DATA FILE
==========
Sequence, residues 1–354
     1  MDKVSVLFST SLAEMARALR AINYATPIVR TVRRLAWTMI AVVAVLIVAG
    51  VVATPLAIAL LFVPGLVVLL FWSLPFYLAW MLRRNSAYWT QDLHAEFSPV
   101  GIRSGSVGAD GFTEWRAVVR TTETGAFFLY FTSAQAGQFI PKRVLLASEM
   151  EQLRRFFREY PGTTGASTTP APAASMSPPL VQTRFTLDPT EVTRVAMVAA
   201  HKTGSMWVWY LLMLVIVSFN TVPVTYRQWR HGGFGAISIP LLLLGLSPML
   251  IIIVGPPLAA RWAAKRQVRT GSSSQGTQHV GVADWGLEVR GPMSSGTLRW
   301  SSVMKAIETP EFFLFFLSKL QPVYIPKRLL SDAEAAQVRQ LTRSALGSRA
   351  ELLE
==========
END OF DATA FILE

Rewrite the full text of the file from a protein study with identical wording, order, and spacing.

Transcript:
Sequence, residues 1–354
     1  MDKVSVLFST SLAEMARALR AINYATPIVR TVRRLAWTMI AVVAVLIVAG
    51  VVATPLAIAL LFVPGLVVLL FWSLPFYLAW MLRRNSAYWT QDLHAEFSPV
   101  GIRSGSVGAD GFTEWRAVVR TTETGAFFLY FTSAQAGQFI PKRVLLASEM
   151  EQLRRFFREY PGTTGASTTP APAASMSPPL VQTRFTLDPT EVTRVAMVAA
   201  HKTGSMWVWY LLMLVIVSFN TVPVTYRQWR HGGFGAISIP LLLLGLSPML
   251  IIIVGPPLAA RWAAKRQVRT GSSSQGTQHV GVADWGLEVR GPMSSGTLRW
   301  SSVMKAIETP EFFLFFLSKL QPVYIPKRLL SDAEAAQVRQ LTRSALGSRA
   351  ELLE